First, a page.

George Floyd could have been me.
That was my first thought when I saw the video of Minneapolis Police Officer Derek Chauvin choking the life out of George Floyd.
In 1957, I was a freshman at Cass Technical High School. As I walked home after speaking with my favorite teacher, four white police officers jumped out of their cruiser, threw me against it, and beat me severely. I hadn’t done anything wrong. Officers in the feared “Big Four” were well-known in the black community for brutally maintaining their kind of “Law and Order.” The more I screamed, the more they beat me. Time seemed to stand still as I saw the anger on their faces and the horror on the faces of black people who gathered around us, yelling for the police to stop.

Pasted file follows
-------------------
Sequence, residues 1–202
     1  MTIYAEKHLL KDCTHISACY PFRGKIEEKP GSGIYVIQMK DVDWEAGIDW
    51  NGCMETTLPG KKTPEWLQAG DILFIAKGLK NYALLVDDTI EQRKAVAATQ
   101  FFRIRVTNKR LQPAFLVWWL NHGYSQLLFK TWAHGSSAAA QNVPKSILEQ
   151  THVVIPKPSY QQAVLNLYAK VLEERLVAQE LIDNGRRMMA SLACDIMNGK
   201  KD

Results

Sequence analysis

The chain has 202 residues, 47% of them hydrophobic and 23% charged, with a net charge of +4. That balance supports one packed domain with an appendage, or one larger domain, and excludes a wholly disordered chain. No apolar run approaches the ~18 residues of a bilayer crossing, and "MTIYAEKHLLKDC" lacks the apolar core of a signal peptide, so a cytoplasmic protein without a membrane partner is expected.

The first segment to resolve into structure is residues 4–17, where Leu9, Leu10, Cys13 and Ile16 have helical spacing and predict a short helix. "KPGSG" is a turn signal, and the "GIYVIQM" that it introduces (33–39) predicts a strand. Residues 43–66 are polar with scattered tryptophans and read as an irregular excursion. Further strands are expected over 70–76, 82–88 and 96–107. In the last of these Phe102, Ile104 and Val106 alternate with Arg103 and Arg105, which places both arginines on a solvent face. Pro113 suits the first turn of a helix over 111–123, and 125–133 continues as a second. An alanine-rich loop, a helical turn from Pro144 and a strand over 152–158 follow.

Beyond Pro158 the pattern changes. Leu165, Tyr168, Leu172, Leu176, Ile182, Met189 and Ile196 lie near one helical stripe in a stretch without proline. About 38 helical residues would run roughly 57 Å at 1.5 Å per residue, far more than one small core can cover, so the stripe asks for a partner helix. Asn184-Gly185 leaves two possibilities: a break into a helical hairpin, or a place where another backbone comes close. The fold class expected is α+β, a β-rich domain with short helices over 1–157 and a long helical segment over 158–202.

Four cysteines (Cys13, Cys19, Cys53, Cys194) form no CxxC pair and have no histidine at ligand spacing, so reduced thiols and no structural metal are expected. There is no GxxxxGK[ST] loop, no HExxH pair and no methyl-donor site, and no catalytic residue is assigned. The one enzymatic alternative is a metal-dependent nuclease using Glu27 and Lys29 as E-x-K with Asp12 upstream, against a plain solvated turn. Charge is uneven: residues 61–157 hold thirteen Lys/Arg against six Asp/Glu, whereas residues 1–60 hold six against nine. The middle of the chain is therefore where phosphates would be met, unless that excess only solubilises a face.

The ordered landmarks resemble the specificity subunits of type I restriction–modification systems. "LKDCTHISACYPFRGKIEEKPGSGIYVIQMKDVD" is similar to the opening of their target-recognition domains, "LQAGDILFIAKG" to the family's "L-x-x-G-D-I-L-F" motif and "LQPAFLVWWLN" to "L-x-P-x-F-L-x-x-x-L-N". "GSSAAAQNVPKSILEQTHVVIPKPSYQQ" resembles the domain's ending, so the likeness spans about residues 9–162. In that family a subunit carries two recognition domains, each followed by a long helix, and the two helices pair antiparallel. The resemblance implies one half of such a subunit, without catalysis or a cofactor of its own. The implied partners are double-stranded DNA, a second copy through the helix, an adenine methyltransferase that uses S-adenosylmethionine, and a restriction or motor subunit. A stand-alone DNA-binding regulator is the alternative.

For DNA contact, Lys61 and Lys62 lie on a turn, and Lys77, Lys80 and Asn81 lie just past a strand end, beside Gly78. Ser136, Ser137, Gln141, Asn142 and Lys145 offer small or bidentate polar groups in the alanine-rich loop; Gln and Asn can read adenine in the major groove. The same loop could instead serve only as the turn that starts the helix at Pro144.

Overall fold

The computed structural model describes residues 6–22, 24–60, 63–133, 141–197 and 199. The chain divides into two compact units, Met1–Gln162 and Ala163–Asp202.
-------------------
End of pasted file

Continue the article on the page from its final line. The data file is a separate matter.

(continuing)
After what felt like hours, they told me to get my ass out of there. I ran home crying but did not tell my parents, fearful that it would put them in danger. I was 14, the same age as Emmett Till when he was killed in Mississippi two years earlier. I was scared, angry, and confused. Why did they hurt me?
That day, I promised myself that I would become a Detroit police officer and change the Detroit police force from the inside.
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